Rob Carter is a Brooklyn-based photographer and videographer with a knack for exposing landmarks and iconic structures from above while using his often comedic but always thoughtful knife (literally and figuratively) to create collages of the original material. Whether its placing the unofficial Church of England (ie. the home of footballers Manchester United) in the actual church of England (Canterbury Cathedral – home of the Anglican Church) or placing imagery literally among the plants and documenting its growth. His process is more than a digital manipulation, and usually has several iterations of digital collaging, printing, further analog collaging, and final photographing, and the process helps create the dreamy state and remove some of the slickness of a traditional digital collage.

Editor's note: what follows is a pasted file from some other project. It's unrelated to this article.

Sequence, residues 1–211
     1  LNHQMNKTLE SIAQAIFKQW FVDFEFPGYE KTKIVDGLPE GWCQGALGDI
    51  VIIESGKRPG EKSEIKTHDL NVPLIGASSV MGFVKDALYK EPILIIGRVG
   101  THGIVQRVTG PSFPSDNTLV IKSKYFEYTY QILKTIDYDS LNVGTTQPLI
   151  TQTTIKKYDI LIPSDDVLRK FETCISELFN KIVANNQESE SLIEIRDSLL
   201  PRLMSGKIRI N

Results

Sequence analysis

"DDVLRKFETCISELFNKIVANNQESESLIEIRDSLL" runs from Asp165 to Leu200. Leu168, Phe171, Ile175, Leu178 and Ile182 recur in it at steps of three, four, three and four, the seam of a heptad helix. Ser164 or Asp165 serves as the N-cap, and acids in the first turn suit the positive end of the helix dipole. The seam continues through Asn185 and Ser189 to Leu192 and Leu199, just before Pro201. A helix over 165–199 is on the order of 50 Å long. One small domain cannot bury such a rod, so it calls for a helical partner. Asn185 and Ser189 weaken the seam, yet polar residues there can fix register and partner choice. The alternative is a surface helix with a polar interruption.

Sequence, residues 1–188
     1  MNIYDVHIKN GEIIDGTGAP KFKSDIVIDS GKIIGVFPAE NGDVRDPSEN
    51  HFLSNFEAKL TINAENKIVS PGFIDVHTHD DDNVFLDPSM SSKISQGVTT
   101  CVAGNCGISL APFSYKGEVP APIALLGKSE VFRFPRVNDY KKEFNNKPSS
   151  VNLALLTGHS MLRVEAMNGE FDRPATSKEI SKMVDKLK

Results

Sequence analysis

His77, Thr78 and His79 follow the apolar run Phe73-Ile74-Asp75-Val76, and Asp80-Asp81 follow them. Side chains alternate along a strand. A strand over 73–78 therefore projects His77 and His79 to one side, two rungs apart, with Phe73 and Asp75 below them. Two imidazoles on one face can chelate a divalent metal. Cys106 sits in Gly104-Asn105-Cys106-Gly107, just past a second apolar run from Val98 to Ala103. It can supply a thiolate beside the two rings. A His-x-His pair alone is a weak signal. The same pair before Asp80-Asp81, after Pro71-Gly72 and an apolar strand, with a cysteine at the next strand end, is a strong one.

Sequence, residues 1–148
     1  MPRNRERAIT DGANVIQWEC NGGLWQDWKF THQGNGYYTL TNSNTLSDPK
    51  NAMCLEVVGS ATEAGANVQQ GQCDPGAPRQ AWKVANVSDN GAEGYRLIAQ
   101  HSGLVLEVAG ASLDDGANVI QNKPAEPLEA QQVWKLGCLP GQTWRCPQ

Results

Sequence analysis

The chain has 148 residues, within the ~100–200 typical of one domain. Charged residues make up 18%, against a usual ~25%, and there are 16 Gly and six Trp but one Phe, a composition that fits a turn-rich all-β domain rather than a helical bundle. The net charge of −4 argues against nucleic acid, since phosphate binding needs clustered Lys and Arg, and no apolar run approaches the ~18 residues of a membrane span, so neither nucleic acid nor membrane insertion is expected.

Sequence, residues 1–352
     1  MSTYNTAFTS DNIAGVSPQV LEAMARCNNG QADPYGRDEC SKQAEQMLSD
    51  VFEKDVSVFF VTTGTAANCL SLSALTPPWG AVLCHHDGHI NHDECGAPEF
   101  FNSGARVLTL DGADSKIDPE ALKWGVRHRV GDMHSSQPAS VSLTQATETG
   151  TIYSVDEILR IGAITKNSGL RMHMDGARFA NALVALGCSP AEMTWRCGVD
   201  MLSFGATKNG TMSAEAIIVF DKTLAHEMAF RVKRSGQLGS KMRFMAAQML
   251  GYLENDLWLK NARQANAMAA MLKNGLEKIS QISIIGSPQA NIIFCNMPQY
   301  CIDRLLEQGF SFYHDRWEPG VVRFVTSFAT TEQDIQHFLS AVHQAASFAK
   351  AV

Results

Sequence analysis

But it was his video work that really struck me, specifically a piece called Metropolis, which, in a quirky and funky way, documents the abridged history of the growth of the city of Charlotte, which, as many of the NC based OK Greatsters could tell you, is a model of urban sprawl and not-all-that-planned growth. Below is the climax of the 9 minute film, the last three minutes in which we really see the landscape explode in the 3-D-ish popup book style that tells the story of Metropolis.
A couple more photographs after the jump.
(via Huffington Post, oddly enough)